Republican Group To Air Ad Slamming Trump's 'Corruption,' Highlighting Foreign Payments to President's Properties

A Republican group will air an ad Monday morning on MSNBC, slamming President Donald Trump and Vice President Mike Pence for being unconcerned about the "corruption" of foreign leaders and government officials paying the president by spending money at his resorts and properties.

The video, paid for by Republicans for the Rule of Law, opens by highlighting how Pence "railed against the Clintons" for accepting millions of dollars in contributions from foreign leaders to their family foundation while Hillary Clinton served as Secretary of State. Continuing, it pointed out that Pence "hasn't said anything about" foreign dignitaries spending significant sums of money at properties owned by The Trump Organization.

"The president's luxury hotel seems to be the place for foreign governments," the ad continues, with a news voice over. The clip then features a montage of reporting on Saudi Arabian and Bahraini bookings at the president's properties. It also highlights how Trump has garnered more than 30 new trademarks in China since taking office.

In conclusion, the ad points out that Pence saw the Clinton Foundation's acceptance of foreign and corporate donations as a "conflict of interest" while he has simply responded, "who cares," when asked about international leaders paying to directly enrich the Trump family.

Republicans for the Rule of Law legal advisor and spokesman Chris Truax pointed out that "enriching those who hold power" is not one of the responsibilities of the federal government laid out in the Constitution.

"Americans know this, and even the appearance of corruption damages our institutions and our faith in government. It was wrong when, as secretary of state, Hillary Clinton allowed the non-profit Clinton Foundation to accept cash from foreign governments," Truax said in a statement emailed to Newsweek. "It's doubly wrong when President Trump allows foreign governments to pour money into his for-profit hotels. And when President Trump allows the U.S. government to pour money into his hotels, it crosses the line between the appearance of corruption and corruption itself," he continued.

Truax argued that members of Trump's cabinet "would be in jail" if they behaved in the same manner as the president. "Not allowing politicians to line their own pockets with taxpayer money is Democracy 101," he pointed out.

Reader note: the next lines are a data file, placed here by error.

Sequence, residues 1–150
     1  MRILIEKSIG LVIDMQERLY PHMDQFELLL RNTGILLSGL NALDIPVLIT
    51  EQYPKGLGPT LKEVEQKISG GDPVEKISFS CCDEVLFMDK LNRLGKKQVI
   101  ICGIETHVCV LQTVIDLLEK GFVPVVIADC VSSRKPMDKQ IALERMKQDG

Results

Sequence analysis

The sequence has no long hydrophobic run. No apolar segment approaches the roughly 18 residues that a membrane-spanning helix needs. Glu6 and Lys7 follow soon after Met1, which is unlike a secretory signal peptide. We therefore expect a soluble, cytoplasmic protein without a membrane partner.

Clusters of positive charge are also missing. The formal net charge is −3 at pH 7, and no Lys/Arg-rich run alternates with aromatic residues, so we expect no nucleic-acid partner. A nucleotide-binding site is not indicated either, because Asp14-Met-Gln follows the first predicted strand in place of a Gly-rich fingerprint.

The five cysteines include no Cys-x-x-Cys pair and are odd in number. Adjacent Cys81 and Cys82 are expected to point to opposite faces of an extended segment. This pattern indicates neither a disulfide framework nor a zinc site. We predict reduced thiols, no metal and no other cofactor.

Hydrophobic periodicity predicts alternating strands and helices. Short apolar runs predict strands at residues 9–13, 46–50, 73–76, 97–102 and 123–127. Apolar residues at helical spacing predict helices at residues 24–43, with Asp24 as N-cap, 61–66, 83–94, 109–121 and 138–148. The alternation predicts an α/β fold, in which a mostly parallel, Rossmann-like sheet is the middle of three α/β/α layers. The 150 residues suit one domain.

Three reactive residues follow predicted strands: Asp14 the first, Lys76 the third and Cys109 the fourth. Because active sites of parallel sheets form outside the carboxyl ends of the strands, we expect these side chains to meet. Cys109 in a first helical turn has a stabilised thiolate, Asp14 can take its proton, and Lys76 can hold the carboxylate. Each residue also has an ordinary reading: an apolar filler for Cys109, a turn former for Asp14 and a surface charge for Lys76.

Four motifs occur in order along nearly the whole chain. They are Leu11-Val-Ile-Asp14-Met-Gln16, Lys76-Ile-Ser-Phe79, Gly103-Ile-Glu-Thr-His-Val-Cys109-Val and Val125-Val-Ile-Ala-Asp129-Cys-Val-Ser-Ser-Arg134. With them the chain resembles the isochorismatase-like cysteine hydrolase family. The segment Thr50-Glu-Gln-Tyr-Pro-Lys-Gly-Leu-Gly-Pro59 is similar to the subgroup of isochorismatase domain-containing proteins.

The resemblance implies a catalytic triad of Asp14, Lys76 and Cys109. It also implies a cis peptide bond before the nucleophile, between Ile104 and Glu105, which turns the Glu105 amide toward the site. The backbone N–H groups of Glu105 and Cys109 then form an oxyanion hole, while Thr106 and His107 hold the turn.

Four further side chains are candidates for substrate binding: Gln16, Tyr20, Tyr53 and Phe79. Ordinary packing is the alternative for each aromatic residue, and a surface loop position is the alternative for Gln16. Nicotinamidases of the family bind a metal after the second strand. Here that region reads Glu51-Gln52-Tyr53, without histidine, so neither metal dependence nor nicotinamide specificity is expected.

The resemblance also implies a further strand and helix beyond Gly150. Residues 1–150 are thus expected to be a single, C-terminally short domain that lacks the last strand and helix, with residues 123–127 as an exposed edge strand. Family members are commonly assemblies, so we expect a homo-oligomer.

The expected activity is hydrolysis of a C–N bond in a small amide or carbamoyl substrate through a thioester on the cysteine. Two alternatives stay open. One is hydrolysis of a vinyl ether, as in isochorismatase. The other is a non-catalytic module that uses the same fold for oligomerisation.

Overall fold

As the ad highlights, Trump's businesses have seen a spike in foreign contributions since he took office. The governments of numerous Middle Eastern nations, and in particular Saudi Arabia, have booked expensive stays at the president's luxury hotels in New York, Chicago and Washington, D.C. Several foreign governments also relocated the venues of embassy parties to Trump properties after the president's election.

Trump and King Salman
President Donald Trump receives the Order of Abdulaziz al-Saud medal from Saudi Arabia's King Salman at the Saudi Royal Court in Riyadh on May 20, 2017 MANDEL NGAN/AFP

Legal experts argue that these payments to the president's business directly violate the Emoluments Clauses of the Constitution, which bar elected leaders from receiving foreign gifts.

"The Foreign Emoluments Clause is the core anti-corruption clause of Art I. The Domestic Emoluments Clause is the core anti-profiteering clause of Art II," Constitutional legal scholar Laurence Tribe, a professor at Harvard University, explained in a tweet earlier this month. "Congress' consent (or lack of it) is key to the first. It's irrelevant to the second. Trump is violating both."

Trump famously declined to place all of his assets in a blind trust, as previous presidents have to avoid conflicts of interest while in office, before his inauguration in 2017. Instead, he resigned from his positions and handed control of Trump Organization businesses to his sons, Donald Trump Jr. and Eric Trump.

As Tribe pointed out, concerns extend to domestic payments to Trump's properties as well. An April report by Quartz and the Center for Responsive Politics highlighted how the Republican National Committee, pro-Trump super PACs and Trump's personal reelection committee had spent at least $4.7 million at Trump hotels, golf courses and restaurants. Prior to the president launching his campaign at the end of 2015, political spending at Trump Organization businesses had not surpassed $80,000 within a two-year election cycle.

"He can't be taking that money," Democratic Representative Jamie Raskin of Maryland said in an interview with CNN this month. "It's absolutely impeachable for the president to be violating the Emoluments Clauses."